After my six-hour flight to Dublin, two-hour layover, and two-and-a-half-hour flight to Barcelona, I am finally in my host country. Walking through a very empty airport, I still don’t know what to expect. My program scheduled to pick me up at the airport, but knowing no one on my flight I still felt very alone. Taking a peak outside I can already see, and feel the differences. The area outside the airport was not city like at all, I could barely see Barcelona, not a lot of cars around, and people are speaking a different language. I am scared out of my mind and questioning why I am studying abroad. As the driver picks us up and drives us to our apartments, I am trying to take all of the sites in, especially since this was my first time in Europe. At this point I am trying to settle into my new surroundings but I still feel like an outsider. But as the days went on I became more comfortable. The things that I don’t normally do at home I am now comfortable with. One of the biggest changes was taking the metro (train/subway) to class every day. Being in such a foreign place I was worried that I would easily get lost and not be able to find my way home, but after a few go arounds I find myself very comfortable, even when traveling by myself. I haven’t fully adapted to the Barcelona culture, but I am very well on my way.
Being in the middle stage or “liminoid” you don’t find yourself saying, “Oh I have changed so much from when I first got here.” But when writing these travel logs I can see that I have come a long way even in such a short amount of time. Things that I was scared about when being in Europe like, being pick-pocketed, not finding my way around a new city, adjusting to the culture shock, and losing my precious documents aren’t even in the back of my mind anymore. Another culture shock to me is the time people my age go out in Barcelona. In the states around 9-10 you can start going out, but here the clubs don’t even open until 12 am. Adapting to that was hard because it means you get home at six or even seven in the morning. Overall I still have a ton of growing to do but I am definitely evolving and slowly becoming a European (at least for four months).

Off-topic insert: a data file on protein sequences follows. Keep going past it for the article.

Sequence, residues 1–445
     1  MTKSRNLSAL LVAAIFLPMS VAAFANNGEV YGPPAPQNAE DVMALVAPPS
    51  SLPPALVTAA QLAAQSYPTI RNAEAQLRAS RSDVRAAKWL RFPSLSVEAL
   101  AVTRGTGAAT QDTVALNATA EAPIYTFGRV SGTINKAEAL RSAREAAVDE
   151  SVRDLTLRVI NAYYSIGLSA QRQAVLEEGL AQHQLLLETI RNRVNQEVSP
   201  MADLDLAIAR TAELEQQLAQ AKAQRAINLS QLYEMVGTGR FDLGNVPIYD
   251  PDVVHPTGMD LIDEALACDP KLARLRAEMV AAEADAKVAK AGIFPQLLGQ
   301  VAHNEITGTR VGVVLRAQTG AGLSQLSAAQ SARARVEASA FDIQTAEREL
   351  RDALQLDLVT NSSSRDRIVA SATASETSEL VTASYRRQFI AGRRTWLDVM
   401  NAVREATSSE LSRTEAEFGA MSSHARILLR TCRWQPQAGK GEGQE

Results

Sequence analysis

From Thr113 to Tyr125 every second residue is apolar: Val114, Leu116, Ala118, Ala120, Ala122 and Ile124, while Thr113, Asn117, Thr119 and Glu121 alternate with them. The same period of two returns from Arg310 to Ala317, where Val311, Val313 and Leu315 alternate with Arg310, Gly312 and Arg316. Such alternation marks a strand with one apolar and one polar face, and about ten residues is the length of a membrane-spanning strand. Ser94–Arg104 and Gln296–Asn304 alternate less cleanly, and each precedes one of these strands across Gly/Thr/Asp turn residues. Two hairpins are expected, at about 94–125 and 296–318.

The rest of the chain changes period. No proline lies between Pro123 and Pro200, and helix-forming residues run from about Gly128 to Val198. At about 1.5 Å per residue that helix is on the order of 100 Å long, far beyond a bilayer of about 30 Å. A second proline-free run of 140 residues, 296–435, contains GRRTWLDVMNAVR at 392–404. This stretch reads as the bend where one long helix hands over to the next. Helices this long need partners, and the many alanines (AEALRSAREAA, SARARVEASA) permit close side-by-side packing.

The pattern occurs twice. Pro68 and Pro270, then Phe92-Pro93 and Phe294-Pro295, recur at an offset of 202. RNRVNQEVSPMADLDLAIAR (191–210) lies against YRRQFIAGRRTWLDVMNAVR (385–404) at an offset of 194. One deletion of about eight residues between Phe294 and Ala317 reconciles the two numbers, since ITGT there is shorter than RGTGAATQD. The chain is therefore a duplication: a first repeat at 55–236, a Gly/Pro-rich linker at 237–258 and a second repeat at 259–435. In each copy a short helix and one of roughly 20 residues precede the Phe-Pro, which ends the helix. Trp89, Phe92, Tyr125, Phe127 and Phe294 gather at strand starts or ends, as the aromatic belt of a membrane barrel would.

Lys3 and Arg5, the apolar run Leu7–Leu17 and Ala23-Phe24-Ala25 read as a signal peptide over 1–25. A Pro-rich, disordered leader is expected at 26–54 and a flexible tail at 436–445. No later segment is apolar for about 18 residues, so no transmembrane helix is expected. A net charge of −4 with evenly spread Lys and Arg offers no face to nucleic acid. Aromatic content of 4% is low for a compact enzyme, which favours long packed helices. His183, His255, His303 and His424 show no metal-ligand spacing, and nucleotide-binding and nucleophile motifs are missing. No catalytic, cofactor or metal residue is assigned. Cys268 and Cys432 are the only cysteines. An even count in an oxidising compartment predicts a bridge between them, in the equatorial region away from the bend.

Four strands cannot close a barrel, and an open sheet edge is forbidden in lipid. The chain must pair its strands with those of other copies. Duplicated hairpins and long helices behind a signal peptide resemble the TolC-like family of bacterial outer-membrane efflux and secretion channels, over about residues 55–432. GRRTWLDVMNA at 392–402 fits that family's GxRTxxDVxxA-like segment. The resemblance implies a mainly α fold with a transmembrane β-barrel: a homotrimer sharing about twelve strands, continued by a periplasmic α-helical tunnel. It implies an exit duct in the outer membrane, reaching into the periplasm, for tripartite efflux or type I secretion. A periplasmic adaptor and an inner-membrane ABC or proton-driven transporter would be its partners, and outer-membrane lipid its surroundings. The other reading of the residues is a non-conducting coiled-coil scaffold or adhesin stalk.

My environment was changed but has been a very good one. The people I have met are very nice, especially since we are all in need of new friends to associate with. In my personal experience I only knew very few people studying abroad in Barcelona, but as my program had mandatory meetings with many other students in the program I noticed something. Several of the students knew upwards of 10 people studying in Barcelona, and were so excited to see each other. But in my case I only had few people, but I find myself in a great group who have planned our first weekend trip to Budapest!
Every day we all face challenges, and that is definitely prominent when you study abroad. Some of the challenges I have faced was planning trips to other countries. I never knew how much planning and preparation that it takes. When going on trips my parents always did everything, now that I don’t have them around I need to learn how to do it on my own. On page 171 of Slimback he states, “find imaginative ways to invite the unknown and cultivate a network of close-knit and supportive friends.” Now that I have been here for about a week I have numerous friends in my program but I have yet to meet many locals. Looking forward I would like to meet more and get to know them and have them teach me more about the Barcelona culture.
This picture describes me because I felt so little in a city to big and vibrant. Everything was new to me and nothing felt like home. But that is good for me and I will learn from all of these experiences. My thoughts are to myself always watching my back because of the known petty theft and new environment. And lastly it describes my actions because I am always questioning what I am doing, but at time goes on I will evolve into a person that is comfortable living in Barcelona.